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UPDATE 1-Deutsche Bank overhaul ahead of plan, CEO tells investors

(Updates with details, background)

FRANKFURT, May 27 (Reuters) - Deutsche Bank’s multi-year overhaul is ahead of plan and remains its primary focus, Chief Executive Christian Sewing told shareholders on Thursday, promising an era of more sustainable profit.

The bank’s annual shareholder meeting, held online due to the coronavirus pandemic, took place in a more relaxed atmosphere than in recent years, a reflection of the lender’s return to profit and rising share price.

Three years into its restructuring, Sewing said Germany’s largest bank wasn’t over the finish line.

“But we have come a long way. We still have work to do, but we have already achieved so much,” he said.

Asked about possible mergers and acquisitions, Sewing said: “Our main focus is and remains the successful execution of our transformation by 2022”.

Deutsche posted a net profit for the first quarter, its strongest result for seven years, driven by its investment bank which outperformed major U.S. rivals.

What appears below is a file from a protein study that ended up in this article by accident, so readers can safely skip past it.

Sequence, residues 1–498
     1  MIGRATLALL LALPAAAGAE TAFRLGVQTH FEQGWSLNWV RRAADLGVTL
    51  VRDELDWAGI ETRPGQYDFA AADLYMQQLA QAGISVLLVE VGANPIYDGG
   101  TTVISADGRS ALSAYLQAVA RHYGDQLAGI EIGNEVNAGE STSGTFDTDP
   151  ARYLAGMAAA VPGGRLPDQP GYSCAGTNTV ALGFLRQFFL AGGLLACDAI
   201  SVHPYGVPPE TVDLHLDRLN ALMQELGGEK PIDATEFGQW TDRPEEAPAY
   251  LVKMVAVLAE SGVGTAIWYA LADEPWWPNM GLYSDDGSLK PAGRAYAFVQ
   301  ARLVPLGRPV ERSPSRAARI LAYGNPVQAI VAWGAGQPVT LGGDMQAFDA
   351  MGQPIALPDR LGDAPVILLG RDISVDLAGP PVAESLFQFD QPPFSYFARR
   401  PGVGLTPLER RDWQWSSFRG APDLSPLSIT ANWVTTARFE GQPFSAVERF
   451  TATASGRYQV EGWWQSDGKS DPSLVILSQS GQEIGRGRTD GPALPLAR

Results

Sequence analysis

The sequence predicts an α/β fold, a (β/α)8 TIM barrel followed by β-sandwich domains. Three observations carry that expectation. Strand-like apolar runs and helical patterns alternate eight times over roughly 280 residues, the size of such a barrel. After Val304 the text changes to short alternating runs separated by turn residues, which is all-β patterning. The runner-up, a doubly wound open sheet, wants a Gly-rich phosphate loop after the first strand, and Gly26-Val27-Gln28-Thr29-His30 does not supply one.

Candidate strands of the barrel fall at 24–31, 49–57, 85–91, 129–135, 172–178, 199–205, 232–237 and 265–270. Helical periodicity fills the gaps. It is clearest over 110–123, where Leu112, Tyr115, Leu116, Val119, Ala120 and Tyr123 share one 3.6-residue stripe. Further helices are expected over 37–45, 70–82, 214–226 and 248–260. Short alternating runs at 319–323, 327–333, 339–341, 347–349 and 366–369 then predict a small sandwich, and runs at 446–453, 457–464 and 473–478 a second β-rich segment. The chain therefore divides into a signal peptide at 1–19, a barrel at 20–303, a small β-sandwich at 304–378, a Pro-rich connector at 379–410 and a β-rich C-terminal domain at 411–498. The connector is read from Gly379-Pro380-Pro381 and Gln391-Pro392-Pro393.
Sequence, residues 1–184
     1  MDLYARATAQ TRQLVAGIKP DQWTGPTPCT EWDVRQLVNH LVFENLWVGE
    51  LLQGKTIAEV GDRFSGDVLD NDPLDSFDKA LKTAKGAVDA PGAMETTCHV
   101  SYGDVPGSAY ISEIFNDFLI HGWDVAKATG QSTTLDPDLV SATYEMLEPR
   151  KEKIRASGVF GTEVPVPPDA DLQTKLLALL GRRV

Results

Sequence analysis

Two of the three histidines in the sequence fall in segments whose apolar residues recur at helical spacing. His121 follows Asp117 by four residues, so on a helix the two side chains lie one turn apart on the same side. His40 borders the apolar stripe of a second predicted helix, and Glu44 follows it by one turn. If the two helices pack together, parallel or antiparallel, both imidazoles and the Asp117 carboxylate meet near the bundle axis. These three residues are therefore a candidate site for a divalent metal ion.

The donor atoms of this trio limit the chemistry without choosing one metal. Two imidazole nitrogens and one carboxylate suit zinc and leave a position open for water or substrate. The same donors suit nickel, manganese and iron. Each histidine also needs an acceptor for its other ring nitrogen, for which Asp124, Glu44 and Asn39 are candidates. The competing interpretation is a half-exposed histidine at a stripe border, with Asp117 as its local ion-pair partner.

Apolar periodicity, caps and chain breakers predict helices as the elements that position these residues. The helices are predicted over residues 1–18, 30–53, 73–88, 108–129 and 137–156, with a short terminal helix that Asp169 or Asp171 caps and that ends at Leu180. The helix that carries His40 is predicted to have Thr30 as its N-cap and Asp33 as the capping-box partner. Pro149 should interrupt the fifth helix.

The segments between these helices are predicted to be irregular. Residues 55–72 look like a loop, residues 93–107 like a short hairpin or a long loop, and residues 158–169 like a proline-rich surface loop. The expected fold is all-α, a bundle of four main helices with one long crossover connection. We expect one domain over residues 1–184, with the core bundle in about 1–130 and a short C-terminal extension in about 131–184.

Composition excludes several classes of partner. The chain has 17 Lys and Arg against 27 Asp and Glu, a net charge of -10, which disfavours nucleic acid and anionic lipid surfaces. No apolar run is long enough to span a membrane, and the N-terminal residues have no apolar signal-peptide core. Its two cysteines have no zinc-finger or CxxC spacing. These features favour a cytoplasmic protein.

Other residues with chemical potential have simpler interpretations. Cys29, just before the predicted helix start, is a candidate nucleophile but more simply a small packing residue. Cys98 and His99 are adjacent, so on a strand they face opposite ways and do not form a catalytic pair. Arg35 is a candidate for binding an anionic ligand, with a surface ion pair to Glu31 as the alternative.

Its shares are up more than 130% from last year’s record lows.

“There are no more question marks hanging over the stability of our bank, while many – but not all – of the problems of recent years have been remedied,” said Chairman Paul Achleitner.

Alexandra Annecke, a fund manager with Union Investment, said Deutsche had become an exciting turnaround story and this year’s meeting for once wasn’t taking place in a crisis.

“Shareholders have the worse behind us,” she said. “We finally see light at the end of the tunnel.”

Deutsche’s restructuring includes exiting business lines such as equities trading and shedding 18,000 staff.

Ratings agencies have become more optimistic about the bank. Moody’s recently put Deutsche under review for a possible upgrade.

Despite a spate of good news, however, the bank is still having problems with money laundering controls.

Germany’s financial regulator last month ordered Deutsche to enact further safeguards to prevent money laundering.

“We must improve our transaction monitoring,” Achleitner said. (Reporting by Tom Sims and Patricia Uhlig. Editing by Kirsti Knolle and Mark Potter)

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